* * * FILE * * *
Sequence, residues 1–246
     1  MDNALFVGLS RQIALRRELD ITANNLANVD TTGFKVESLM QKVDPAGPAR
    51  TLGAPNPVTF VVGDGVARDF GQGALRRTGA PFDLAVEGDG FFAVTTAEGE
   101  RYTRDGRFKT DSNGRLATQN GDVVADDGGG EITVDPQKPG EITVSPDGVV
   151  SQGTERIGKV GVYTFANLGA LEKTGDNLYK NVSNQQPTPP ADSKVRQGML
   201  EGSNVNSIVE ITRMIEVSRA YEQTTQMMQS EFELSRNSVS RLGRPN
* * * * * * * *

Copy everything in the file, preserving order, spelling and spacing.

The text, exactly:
Sequence, residues 1–246
     1  MDNALFVGLS RQIALRRELD ITANNLANVD TTGFKVESLM QKVDPAGPAR
    51  TLGAPNPVTF VVGDGVARDF GQGALRRTGA PFDLAVEGDG FFAVTTAEGE
   101  RYTRDGRFKT DSNGRLATQN GDVVADDGGG EITVDPQKPG EITVSPDGVV
   151  SQGTERIGKV GVYTFANLGA LEKTGDNLYK NVSNQQPTPP ADSKVRQGML
   201  EGSNVNSIVE ITRMIEVSRA YEQTTQMMQS EFELSRNSVS RLGRPN